To the annoyance of some shareholders, Zhonghua Gas Holdings (HKG:8246) shares are down a considerable 47% in the last month. Indeed the recent decline has arguably caused some bitterness for shareholders who have held through the 59% drop over twelve months.
All else being equal, a share price drop should make a stock more attractive to potential investors. In the long term, share prices tend to follow earnings per share, but in the short term prices bounce around in response to short term factors (which are not always obvious). The implication here is that long term investors have an opportunity when expectations of a company are too low. One way to gauge market expectations of a stock is to look at its Price to Earnings Ratio (PE Ratio). A high P/E implies that investors have high expectations of what a company can achieve compared to a company with a low P/E ratio.
Does Zhonghua Gas Holdings Have A Relatively High Or Low P/E For Its Industry?
Zhonghua Gas Holdings's P/E of 5.22 indicates relatively low sentiment towards the stock. We can see in the image below that the average P/E (10.3) for companies in the construction industry is higher than Zhonghua Gas Holdings's P/E.
Zhonghua Gas Holdings's P/E tells us that market participants think it will not fare as well as its peers in the same industry. While current expectations are low, the stock could be undervalued if the situation is better than the market assumes. If you consider the stock interesting, further research is recommended. For example, I often monitor director buying and selling.
How Growth Rates Impact P/E Ratios
Probably the most important factor in determining what P/E a company trades on is the earnings growth. Earnings growth means that in the future the 'E' will be higher. That means unless the share price increases, the P/E will reduce in a few years. And as that P/E ratio drops, the company will look cheap, unless its share price increases.
In the last year, Zhonghua Gas Holdings grew EPS like Taylor Swift grew her fan base back in 2010; the 58% gain was both fast and well deserved. And earnings per share have improved by 25% annually, over the last three years. So you might say it really deserves to have an above-average P/E ratio.
A Limitation: P/E Ratios Ignore Debt and Cash In The Bank
One drawback of using a P/E ratio is that it considers market capitalization, but not the balance sheet. That means it doesn't take debt or cash into account. Hypothetically, a company could reduce its future P/E ratio by spending its cash (or taking on debt) to achieve higher earnings.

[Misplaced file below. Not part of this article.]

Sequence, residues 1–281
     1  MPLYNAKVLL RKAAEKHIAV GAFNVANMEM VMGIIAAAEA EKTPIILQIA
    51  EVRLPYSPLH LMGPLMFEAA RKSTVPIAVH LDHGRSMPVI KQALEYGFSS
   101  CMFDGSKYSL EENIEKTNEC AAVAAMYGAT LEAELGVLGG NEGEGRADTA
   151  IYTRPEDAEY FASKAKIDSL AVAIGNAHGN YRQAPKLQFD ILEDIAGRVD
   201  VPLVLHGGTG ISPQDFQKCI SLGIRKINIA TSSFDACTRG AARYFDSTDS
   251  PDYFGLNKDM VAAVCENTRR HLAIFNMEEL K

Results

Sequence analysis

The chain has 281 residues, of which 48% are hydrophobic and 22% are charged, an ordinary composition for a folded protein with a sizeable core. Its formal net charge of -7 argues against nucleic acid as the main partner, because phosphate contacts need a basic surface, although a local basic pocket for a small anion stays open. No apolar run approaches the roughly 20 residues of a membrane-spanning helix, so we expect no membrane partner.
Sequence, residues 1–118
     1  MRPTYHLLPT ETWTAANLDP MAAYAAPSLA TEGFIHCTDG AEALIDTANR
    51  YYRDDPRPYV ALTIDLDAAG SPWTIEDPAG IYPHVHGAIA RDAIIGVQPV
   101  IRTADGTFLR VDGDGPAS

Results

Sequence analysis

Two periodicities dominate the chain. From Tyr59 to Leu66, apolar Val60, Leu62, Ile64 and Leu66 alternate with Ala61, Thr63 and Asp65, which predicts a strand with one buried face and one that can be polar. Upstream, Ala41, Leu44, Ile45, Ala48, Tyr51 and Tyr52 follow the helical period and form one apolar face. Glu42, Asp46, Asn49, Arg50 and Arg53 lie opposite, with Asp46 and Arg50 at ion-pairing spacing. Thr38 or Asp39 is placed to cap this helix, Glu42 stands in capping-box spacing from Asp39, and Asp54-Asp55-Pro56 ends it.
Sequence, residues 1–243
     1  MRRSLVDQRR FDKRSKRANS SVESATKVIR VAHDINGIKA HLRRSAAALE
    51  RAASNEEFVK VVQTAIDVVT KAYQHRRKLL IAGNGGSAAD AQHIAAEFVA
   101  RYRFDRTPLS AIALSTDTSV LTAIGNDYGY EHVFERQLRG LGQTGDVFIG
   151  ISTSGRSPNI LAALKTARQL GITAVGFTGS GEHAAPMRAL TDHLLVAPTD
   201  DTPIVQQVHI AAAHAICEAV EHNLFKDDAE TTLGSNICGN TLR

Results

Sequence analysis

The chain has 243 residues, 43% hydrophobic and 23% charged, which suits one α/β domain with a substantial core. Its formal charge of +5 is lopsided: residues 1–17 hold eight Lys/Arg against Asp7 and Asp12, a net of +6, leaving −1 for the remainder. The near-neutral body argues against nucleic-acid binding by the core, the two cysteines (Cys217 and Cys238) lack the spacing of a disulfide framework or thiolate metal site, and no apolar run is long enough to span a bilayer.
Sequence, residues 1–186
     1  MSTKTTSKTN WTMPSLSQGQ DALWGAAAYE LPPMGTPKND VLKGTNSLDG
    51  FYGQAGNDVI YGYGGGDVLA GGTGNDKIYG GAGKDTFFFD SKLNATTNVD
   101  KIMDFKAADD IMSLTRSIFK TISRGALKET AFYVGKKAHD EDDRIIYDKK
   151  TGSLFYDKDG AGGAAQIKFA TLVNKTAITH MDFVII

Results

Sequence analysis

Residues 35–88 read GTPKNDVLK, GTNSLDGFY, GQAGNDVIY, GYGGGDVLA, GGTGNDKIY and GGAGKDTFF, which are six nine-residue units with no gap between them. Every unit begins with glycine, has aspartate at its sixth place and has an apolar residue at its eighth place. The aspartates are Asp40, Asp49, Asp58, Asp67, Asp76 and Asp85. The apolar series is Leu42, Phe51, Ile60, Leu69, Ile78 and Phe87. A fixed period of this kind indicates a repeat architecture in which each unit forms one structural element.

Such expenditure might be good or bad, in the long term, but the point here is that the balance sheet is not reflected by this ratio.
Is Debt Impacting Zhonghua Gas Holdings's P/E?
Since Zhonghua Gas Holdings holds net cash of CN¥59m, it can spend on growth, justifying a higher P/E ratio than otherwise.
The Bottom Line On Zhonghua Gas Holdings's P/E Ratio
Zhonghua Gas Holdings has a P/E of 5.2. That's below the average in the HK market, which is 10.5. It grew its EPS nicely over the last year, and the healthy balance sheet implies there is more potential for growth. The below average P/E ratio suggests that market participants don't believe the strong growth will continue. Given Zhonghua Gas Holdings's P/E ratio has declined from 9.9 to 5.2 in the last month, we know for sure that the market is more worried about the business today, than it was back then. For those who prefer to invest with the flow of momentum, that might be a bad sign, but for deep value investors this stock might justify some research.
When the market is wrong about a stock, it gives savvy investors an opportunity. If the reality for a company is not as bad as the P/E ratio indicates, then the share price should increase as the market realizes this. We don't have analyst forecasts, but you could get a better understanding of its growth by checking out this more detailed historical graph of earnings, revenue and cash flow.
But note: Zhonghua Gas Holdings may not be the best stock to buy. So take a peek at this free list of interesting companies with strong recent earnings growth (and a P/E ratio below 20).
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